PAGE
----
“The good news is more and more consumers are aware of the risks of cybercrime but the bad news is they neither feel they are doing enough to prevent it, or feel that technology has prevented them from being able to do anything about it,” said David Ribeiro, Head of Norton, Middle East and Africa. “Despite personal experience, many South Africans continue to put themselves at risk when it comes to online activity.”
Norton recommends the following best practices:
- Passwords are the key to your kingdom so exercise caution and do not share.
- Review all bank account and credit card statements to see if there are any irregularities.
- Always use trusted online payment methods.
- Do your research on merchants before purchasing online.
- Never let your bank cards out of your sight.
Personal computing devices sales still decline in MEA
The Middle East and Africa (MEA) personal computing devices (PCD) market, which is made up of desktops, notebooks, workstations, and tablets, suffered a decline of -7.3% year on year in Q2 2017, according to the latest insights from International Data Corporation (IDC).
The global technology research and consulting firm’s Quarterly PCD Tracker for Q2 2017 shows that PCD shipments fell to around 6 million units for the quarter.
“As forecast, the market followed a similar pattern to recent quarters, with the downturn primarily stemming from a decline in shipments of slate tablets and desktops,” says Fouad Charakla, IDC’s senior research manager for client devices in the Middle East, Turkey, and Africa. “This was the result of desktop users increasingly switching to mobile devices such as notebooks or even refurbished notebooks, while users of slate tablets shifted to smartphones. These trends translated into year-on-year declines of -21.9% for desktops and -15.7% for slate tablets in Q2 2017, while shipments of notebooks and detachable tablets increased 11.0% and 63.3%, respectively over the same period.”
“Market sentiment in the region remained low overall, although an aggressive push from some slate tablet vendors meant the market declined much slower than expected,” continues Charakla. “At the same time, heightened competition has also made it harder for certain players to sustain their slate tablet businesses and generate profits, causing them to lose interest in the slate tablet market altogether. Despite this, slate tablets are still the most popular computing device among home users in the region.”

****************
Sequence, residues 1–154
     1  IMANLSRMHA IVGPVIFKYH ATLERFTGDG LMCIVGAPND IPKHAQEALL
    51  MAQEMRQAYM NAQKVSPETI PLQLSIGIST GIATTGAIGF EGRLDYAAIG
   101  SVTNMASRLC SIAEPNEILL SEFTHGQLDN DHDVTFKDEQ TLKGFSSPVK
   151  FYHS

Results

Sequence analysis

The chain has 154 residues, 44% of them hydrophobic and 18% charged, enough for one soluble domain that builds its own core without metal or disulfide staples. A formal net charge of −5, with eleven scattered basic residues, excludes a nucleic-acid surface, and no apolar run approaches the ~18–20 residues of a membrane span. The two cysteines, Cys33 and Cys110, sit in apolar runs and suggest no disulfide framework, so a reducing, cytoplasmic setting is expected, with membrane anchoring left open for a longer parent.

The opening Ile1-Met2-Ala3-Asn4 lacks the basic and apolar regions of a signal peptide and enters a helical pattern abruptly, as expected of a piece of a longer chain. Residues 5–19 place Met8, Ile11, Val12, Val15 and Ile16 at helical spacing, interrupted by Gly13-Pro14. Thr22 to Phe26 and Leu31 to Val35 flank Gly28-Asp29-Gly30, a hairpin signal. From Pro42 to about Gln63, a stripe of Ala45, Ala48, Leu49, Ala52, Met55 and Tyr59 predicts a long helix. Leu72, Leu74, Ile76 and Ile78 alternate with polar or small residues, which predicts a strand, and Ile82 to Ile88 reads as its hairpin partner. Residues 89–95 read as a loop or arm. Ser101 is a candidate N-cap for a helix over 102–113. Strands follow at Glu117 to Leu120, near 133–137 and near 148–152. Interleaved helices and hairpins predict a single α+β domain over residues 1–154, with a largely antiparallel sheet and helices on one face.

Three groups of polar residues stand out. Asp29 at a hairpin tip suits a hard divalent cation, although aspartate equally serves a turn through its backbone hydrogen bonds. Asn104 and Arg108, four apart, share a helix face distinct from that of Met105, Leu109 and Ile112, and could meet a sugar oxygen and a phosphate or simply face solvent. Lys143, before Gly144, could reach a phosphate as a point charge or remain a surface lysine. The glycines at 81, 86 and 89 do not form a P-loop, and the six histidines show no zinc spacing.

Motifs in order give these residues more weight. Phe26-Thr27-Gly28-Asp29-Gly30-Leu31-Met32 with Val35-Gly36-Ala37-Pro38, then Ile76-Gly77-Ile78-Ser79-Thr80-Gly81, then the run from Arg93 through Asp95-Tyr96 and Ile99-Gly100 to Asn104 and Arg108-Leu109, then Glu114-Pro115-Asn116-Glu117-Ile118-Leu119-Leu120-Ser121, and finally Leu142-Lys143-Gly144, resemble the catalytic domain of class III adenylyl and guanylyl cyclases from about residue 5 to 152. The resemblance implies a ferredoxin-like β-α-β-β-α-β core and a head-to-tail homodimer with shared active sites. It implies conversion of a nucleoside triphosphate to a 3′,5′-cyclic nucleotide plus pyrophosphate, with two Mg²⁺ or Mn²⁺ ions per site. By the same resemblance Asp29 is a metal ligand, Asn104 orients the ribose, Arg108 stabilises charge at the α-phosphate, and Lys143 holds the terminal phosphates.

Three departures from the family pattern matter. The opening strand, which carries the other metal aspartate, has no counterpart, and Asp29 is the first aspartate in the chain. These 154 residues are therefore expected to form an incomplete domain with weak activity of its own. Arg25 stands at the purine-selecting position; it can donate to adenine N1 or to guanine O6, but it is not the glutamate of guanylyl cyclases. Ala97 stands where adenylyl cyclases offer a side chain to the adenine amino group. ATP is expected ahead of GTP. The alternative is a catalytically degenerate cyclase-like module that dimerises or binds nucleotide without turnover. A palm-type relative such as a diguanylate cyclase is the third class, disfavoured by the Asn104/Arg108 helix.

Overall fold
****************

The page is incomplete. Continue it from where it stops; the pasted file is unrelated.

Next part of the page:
Looking at the region’s key markets, IDC’s research shows that when compared to Q2 2016 overall PCD shipments were down -11.4% in the UAE, -8.9% in Turkey, and -6.7% in the ‘Rest of Middle East’ sub-region (comprising Iran, Iraq, Syria, Yemen, Palestine, and Afghanistan). South Africa and Saudi Arabia bucked this trend, recording year-on-year increases of 3.5% and 9.6%, respectively.
A massive education delivery in Pakistan acted as a key driver for notebook shipments in the region overall. Similarly, the education sector was the biggest driver of detachable tablet shipments, triggered by a huge delivery in Kenya, as well as two other deliveries in Pakistan and Turkey, which enabled this category to achieve the fastest growth of all the PCD categories.
“While a component shortage prevented market players from reducing their prices too much, the average price of consumer notebooks experienced a considerable year-on-year decline in Q2 2017,” says Charakla. “This played a key role in driving demand from the consumer segment, and was reflected in the growing popularity of lower-priced notebook models.”
Looking at the PC market’s vendor rankings, each of the top five vendors maintained their respective positions compared to the previous quarter, with the top four all gaining share.